Pat McNaught, regional territory manager at Orthman Tillage Systems, says the most critical part of a strip-till row unit is the shank, as the tillage and application of fertilizer happen at the point. With that in mind, Orthman made improvements to the shank and other parts of the row unit with its new 1tRIPr II strip-till rig design. 

McNaught and Mick Goedeken, agronomist at Orthman, gave a front-to-back tour of the Orthman 1tRIPr II strip-till machine during a Strip-Till Farmer digital demonstration in July

The 1tRIPr II, the latest iteration of Orthman’s strip-till row units, is a combination of new and tried-and-true designs. McNaught says the simple depth banded coulter design has been used on Orthman’s 1tRIPrs, cultivators and other applications for more than 25 years.

“It’s simple, it’s proven, and it flat out works,” McNaught says.

The new units are 100% cast instead of welded steel to lower the weight of the machine without sacrificing strength. It also makes the assembly and adjustments easier. 

Parallel linkage maintains consistent depth and fertilizer placement in uneven field conditions. The new with greaseless bushings eliminate daily maintenance. Goedeken says Orthman’s years of research revealed the ideal depth of fertilizer placement for corn is 7-8 inches. 

“Accuracy of fertilizer placement depth is critical,” McNaught says. “When you don’t have a parallel arm assembly, it’s pretty hard to guarantee that the fertilizer is going to be placed exactly where you want it.”

The 1tRIPr II uses two springs for down pressure, compared to 4 on the older unit, because the rig doesn’t need that much down pressure to stay in the ground. McNaught says the system is easy to repair and maintain, and it doesn’t have a lot of extra costs associated with it. 

The row cleaner design also got an upgrade on the 1tRIPr II. McNaught says 70% of residue, not 100%, should be moved out of the way when running in fields with heavy corn residue. The 1tRIPr II’s spiked opener is less aggressive than the older concave disc.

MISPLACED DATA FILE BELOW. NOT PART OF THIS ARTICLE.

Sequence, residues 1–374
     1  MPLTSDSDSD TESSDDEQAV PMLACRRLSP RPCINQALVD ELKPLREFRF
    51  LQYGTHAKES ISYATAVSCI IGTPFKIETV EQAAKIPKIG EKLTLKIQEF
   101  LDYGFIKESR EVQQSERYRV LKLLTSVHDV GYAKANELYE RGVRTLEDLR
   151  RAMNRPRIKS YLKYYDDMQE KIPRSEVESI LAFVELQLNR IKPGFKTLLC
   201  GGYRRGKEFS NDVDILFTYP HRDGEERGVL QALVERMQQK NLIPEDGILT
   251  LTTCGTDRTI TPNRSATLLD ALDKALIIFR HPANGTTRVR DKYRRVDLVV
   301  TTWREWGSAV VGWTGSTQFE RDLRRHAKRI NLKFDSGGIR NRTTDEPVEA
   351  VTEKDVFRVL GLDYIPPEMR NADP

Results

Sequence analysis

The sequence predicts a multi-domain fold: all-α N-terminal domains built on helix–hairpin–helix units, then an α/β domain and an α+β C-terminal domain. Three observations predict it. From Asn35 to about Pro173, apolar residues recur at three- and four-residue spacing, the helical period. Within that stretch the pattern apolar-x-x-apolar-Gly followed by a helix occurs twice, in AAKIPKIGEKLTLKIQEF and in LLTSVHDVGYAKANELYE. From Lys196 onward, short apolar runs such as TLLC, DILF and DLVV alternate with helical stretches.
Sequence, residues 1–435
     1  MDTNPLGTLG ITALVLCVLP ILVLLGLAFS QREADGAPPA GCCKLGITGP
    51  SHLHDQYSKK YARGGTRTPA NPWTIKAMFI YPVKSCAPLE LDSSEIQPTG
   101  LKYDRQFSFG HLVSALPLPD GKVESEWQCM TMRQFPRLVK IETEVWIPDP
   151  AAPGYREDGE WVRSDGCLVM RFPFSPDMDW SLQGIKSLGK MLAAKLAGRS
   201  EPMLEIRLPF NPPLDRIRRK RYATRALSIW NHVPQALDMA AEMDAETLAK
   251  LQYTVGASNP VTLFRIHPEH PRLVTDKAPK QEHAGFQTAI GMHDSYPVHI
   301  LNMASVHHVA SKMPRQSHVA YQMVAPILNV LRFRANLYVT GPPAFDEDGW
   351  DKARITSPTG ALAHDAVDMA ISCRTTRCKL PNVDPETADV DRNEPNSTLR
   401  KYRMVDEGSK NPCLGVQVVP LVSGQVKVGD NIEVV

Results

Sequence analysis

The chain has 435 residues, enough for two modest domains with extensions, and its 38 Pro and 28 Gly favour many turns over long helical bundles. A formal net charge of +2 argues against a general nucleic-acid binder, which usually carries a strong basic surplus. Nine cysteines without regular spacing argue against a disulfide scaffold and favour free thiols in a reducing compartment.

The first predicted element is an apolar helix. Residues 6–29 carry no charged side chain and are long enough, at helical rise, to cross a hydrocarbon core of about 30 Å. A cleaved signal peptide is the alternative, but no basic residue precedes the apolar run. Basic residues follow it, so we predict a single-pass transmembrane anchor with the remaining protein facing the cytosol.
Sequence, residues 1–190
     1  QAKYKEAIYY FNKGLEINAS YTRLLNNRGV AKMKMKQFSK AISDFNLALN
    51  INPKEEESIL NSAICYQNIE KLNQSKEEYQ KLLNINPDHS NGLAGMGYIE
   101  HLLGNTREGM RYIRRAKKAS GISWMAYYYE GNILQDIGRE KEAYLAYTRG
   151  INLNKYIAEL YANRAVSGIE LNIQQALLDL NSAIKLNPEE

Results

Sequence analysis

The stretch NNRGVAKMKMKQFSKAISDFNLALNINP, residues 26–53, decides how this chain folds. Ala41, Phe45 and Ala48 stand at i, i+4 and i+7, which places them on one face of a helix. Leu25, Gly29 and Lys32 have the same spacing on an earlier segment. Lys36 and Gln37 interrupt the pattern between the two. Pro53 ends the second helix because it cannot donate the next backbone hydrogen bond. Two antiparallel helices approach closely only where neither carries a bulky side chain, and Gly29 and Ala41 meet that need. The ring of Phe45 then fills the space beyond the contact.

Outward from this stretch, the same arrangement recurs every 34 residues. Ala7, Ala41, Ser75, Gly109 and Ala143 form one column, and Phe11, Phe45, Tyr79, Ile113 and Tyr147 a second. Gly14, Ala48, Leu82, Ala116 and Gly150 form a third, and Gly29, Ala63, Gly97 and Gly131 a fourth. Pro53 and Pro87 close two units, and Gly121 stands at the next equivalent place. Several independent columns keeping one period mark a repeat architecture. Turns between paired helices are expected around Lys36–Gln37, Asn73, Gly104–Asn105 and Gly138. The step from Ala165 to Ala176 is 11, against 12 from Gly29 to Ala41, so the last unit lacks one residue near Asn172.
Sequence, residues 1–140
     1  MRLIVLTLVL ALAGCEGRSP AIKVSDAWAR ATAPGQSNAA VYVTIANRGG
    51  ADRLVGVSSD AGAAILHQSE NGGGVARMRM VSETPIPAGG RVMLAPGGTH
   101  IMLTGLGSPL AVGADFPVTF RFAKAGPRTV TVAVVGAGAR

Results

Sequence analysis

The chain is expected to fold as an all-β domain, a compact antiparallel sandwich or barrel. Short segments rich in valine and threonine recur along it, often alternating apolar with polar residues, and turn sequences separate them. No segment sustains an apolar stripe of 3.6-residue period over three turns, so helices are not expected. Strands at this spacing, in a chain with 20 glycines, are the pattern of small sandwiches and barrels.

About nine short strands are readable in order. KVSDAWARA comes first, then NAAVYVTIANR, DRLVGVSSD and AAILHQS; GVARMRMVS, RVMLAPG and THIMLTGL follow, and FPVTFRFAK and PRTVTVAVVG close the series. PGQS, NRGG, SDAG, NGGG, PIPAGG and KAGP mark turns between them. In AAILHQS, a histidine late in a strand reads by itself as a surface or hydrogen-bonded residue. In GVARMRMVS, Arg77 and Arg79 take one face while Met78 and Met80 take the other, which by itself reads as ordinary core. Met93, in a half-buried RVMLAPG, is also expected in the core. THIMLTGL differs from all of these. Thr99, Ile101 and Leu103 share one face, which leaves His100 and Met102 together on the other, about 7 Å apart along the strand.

“These are row cleaners — they’re not part of the tillage process,” Goedeken says. “I don’t want to see those engaged in the ground all of the time. I want to see them floating, and as they’re hitting residue, then you see them moving. I don’t want to see them moving soil as we’re going through the field.”

The “semi-floating” design also requires less adjustment than a fixed row cleaner and is less likely to plug. 

The 1tRIPr II uses 4 springs for auto-reset linkage. If the shank hits an underground obstruction, it will trip the auto-reset, the back end of the row unit will swing up, clear the obstruction and go back down. The operator doesn’t have to stop the implement or stop moving forward. 

The shank has a new and improved point that fractures 20% more of the root zone than the old one. McNaught says he’s seeing almost a double life expectancy of the new point on the 1tRIPr II compared to the older one. 

The shank can be set from 0-12 inches. McNaught says the point should be set about 0.5-1 inch below the most shallow compaction layer. Then the fertilizer placement tubes then can be independently adjusted inch-by-inch with simple row pins. 

“Once we get them set, very rarely are they changed,” McNaught says. “By keeping the design simple and locking the tooling solid, I could take you to countless machines that have 70,000 acres on them and still are running some of the original tooling from when they were new.”

The closing system features 18-inch wavy coulters, which are also part of compaction alleviation. The rolling basket, available in 5 options, has adjustable down pressure to break up remaining clods and ensure smooth planter operation. 

Learn more about the 1tRIPr II

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